Joshua 20: Cities of Refuge
Read: Joshua 20
The Lord commanded Joshua to designate cities among Israel as “Cities of Refuge”. Cities of Refuge were designated as a place where those accused of a crime could seek asylum, at least for a while, while tempers cooled and guilt could be ascertained objectively (Numbers 35:11-34). In the Ancient Near East, most societies enabled near relatives of a victim of a crime to seek revenge on those who allegedly committed the crime. Joshua designates these cities as places were those who committed unpremeditated man slaughter could flee. These cities had wide highways to make an unhindered way. Deuteronomy 19:1-13 says that Cities of Refuge were to be expanded as the Israelites increased their territory to insure that there would be accessible places for all. Coupled with this command to expansion was a command to be careful and observe the commandments that God had given them.
Deuteronomy 19:10 explains that the cities were designed so that there would be no shedding of innocent blood. God’s concern was justice to prevail rather than some one’s vengeance to be satisfied. The difference between revenge and justice is often skewed, especially in the minds of those wanting revenge. The one wanting revenge is usually motivated by a perception that he or she has been wrong, and wants reparations from it. Justice on the other hand is not based on perceptions of wrong, rather than what has actually been committed, regardless of one’s perception of how he has been treated. To this end, the Old Testament forbids revenge as a course of action (Leviticus 19:18, Proverbs 24:29) and encourages one to seek justice (Deuteronomy 1:17, Deuteronomy 17:8-11, Deuteronomy 19:15-19). Ultimately, the avenger for the people of is God. (Deuteronomy 32:35, Psalm 94:1-3). He is the one who can and will deliver impartial justice.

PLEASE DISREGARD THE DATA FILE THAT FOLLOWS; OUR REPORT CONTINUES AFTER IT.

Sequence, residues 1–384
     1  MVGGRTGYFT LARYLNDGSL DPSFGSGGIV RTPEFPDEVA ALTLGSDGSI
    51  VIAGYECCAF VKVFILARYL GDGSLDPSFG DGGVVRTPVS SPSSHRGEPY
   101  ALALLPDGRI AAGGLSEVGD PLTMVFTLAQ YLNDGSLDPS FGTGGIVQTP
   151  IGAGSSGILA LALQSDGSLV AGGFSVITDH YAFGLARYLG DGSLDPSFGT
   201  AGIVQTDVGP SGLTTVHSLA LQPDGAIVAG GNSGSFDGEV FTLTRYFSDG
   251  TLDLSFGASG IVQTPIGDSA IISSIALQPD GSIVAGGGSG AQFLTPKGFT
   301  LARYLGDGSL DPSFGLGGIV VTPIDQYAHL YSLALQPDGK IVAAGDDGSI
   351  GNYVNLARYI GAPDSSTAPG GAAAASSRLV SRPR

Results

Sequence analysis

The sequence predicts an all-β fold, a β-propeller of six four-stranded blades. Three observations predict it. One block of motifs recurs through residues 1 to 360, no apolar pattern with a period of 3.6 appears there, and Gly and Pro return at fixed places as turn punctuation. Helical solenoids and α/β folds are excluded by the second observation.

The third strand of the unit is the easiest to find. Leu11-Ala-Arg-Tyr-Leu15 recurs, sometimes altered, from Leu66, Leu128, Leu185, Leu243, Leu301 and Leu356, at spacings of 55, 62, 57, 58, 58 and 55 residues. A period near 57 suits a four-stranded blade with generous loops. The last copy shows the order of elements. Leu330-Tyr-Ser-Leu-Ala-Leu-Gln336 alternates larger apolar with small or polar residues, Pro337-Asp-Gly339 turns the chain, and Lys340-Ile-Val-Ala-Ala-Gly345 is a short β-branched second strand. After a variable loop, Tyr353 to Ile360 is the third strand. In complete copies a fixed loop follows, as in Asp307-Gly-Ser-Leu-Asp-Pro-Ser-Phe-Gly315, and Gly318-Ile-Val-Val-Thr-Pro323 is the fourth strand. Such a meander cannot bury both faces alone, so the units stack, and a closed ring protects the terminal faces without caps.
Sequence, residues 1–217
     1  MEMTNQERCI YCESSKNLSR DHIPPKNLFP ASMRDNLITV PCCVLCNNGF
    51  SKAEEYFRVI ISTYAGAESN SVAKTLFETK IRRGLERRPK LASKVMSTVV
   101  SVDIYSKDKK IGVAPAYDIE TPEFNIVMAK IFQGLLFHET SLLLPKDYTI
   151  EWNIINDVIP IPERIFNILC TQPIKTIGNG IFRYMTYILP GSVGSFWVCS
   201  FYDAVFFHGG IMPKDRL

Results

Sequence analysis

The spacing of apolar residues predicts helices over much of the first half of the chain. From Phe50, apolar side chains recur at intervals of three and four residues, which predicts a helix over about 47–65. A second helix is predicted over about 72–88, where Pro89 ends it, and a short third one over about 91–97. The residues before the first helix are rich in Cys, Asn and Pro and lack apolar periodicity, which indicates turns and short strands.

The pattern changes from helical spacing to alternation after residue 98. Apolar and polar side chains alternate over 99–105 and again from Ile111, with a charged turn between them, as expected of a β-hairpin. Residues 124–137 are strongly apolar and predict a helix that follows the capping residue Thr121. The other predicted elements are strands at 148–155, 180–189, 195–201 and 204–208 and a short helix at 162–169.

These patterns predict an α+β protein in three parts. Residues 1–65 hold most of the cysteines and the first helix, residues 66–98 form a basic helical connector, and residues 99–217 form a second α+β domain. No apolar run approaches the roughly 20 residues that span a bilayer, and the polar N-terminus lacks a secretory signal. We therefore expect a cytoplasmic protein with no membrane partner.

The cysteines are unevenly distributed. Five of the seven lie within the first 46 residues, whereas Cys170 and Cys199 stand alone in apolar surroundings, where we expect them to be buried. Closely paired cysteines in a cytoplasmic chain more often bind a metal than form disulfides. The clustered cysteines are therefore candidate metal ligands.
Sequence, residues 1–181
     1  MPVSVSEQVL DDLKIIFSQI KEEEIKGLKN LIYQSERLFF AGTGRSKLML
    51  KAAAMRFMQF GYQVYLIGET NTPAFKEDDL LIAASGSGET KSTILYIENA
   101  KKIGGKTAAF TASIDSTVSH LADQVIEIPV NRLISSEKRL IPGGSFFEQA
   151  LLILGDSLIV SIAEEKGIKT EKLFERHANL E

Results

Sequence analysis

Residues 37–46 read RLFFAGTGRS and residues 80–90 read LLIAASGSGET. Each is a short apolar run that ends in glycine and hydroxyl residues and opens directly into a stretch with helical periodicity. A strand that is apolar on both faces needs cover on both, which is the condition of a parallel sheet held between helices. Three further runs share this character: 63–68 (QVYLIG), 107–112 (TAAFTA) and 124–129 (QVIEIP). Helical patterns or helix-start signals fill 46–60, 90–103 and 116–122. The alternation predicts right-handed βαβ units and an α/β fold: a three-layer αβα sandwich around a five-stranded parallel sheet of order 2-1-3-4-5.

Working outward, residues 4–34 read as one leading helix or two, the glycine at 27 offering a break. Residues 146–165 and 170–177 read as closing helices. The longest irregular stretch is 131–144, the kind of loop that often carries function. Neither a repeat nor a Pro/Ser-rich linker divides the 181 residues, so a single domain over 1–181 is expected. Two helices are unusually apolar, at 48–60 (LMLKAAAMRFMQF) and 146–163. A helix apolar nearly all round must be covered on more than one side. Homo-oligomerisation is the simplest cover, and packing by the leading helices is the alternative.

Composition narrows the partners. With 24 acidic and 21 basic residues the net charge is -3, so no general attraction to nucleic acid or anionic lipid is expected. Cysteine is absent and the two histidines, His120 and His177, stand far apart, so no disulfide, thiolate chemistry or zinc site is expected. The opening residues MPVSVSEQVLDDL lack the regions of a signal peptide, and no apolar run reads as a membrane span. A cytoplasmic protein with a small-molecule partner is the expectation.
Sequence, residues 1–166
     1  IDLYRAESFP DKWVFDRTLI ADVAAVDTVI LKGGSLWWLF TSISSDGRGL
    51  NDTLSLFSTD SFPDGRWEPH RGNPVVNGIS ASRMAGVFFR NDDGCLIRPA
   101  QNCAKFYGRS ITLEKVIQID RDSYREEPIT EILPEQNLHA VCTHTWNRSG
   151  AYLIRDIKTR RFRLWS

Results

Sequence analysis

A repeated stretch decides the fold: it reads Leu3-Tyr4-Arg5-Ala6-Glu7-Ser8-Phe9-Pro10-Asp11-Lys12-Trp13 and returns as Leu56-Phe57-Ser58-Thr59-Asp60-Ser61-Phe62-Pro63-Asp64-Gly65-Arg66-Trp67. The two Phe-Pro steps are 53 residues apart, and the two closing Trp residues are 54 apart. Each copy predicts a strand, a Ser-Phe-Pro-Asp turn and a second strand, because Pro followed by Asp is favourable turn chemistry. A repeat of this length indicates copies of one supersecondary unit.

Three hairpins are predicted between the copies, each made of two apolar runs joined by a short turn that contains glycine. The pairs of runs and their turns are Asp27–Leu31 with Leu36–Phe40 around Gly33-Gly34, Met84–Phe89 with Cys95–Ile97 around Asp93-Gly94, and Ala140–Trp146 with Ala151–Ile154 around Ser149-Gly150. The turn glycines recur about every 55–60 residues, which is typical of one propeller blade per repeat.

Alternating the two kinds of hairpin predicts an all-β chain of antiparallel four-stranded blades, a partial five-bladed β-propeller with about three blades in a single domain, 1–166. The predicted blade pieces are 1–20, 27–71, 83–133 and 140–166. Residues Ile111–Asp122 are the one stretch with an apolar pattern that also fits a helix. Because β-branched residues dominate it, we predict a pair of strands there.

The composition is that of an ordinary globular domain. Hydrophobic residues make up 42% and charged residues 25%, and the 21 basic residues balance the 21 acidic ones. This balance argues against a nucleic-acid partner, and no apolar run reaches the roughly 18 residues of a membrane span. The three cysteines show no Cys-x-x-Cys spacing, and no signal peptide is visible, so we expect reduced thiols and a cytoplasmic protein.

The New Testament quotes Deuteronomy 32:35 in two places: Hebrews 10:30 and Romans 12:29. The Hebrews passages is in the context of rejecting the Law and the grace offered by Jesus after having ascertaining the knowledge of such things– such people will be judge my God. Romans 12:29 talks about not seeking revenge. Paul quotes the passage for the purpose to remind his readers that God is the one who avenges wrong. Rather than seek revenge, one should seek to overcome evil with good. This does not mean that one should dismiss justice, rather seek justice and do what is right and accept the outcome of judgment regardless of what one’s perceptions. In all cases, forgiveness should be sought too!
Lord, help me to seek justice, not revenge!